Remembering My Hat

26th January 2017

New Towns Heritage Seminar: Milton Keynes (Part 2)

Filed under: Uncategorized — rememberingmyhat @ 15:04

Last post from me today as this afternoon we’re off on a bus tour of MK, guided by David Lock, which I’m looking forward to hugely and expect to find fascinating, but I’ll get travel sick if I try to blog at the same time.

Dave Chetwyn, Historic Towns Forum and Urban Vision CIC

Planning for heritage in new towns

Oversupply of new housing in some parts of country but conversation is all about south-east housing crisis. Growth agenda is driven by London, not the whole of the country. New work/life patterns – big growth in home working.

Difficulty of understanding MK – where are the pavements?! [And the houses – that thing people say about ‘I drove round the outer ring road once’ – ‘no you didn’t, you drove through the middle’]. But actually the town centre is very permeable to pedestrians. Need a handbook to explain how it works.

Same issues about conservation and regeneration for MK as for any other city. But in most cities declining industrial and commercial areas preserve architectural heritage and then are regenerated by creative and knowledge-based start-ups (because cheap rents) [and liking for edgy urban atmospheres]. But MK it isn’t about the decline of industrial and commercial areas. More about housing areas. E.g. Netherfield only meant to have a 25 yrs life and problem of isolation because of car-centricness of the design [and it doesn’t give you an edgy urban vibe].

Neighbourhood planning as the answer – bringing micro local interests into the planning process. Links with Third Sector.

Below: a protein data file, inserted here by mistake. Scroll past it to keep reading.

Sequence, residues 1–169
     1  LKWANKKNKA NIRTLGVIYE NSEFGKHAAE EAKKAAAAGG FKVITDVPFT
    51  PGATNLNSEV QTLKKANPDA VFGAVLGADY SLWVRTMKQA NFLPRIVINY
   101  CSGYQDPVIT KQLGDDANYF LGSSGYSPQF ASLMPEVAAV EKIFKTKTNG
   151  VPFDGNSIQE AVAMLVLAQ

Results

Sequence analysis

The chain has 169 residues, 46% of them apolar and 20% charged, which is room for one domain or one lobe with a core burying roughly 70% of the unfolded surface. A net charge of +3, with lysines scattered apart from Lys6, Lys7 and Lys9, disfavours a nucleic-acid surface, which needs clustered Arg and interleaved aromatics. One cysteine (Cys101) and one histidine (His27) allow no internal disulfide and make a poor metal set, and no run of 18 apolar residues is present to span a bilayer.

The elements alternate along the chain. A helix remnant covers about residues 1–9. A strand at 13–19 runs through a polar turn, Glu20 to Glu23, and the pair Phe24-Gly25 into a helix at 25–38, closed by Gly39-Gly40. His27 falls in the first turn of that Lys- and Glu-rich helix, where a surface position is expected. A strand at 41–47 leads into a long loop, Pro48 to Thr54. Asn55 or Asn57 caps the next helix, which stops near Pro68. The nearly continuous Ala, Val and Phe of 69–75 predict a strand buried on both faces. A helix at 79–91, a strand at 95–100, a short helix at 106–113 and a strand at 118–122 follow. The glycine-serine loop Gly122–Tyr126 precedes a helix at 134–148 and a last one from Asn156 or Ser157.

(cc) Tim Ebbs

David Lock, David Lock Associates

A plan for Milton Keynes: A framework, not a blueprint

Story of new towns is all about the wider political context of the model of state intervention.

MK is on the turn of a page between state planning and private sector development of new towns

Initial plans for MK were on this model, CMK, gridroads etc. Then under Thatcher all became much more privatised. Christ the Cornerstone built only because managed to get office blocks on either side to pay for it – social goods could only be delivered by the private sector.

First new town planners were all demobbed architects, no profession of town planning [is that true?] – built a town as objects with spaces in-between. MK built the spaces in-between, then other people do the infill. MK plan as trellis – what flowers grow is entirely separate. You should judge the quality of MK on the flexibility and resilience of the trellis [he would say that though, wouldn’t he!]

People moving into a new town, as they continue to do in huge numbers to MK, buy the vision of a city in a way they don’t in an old town [?]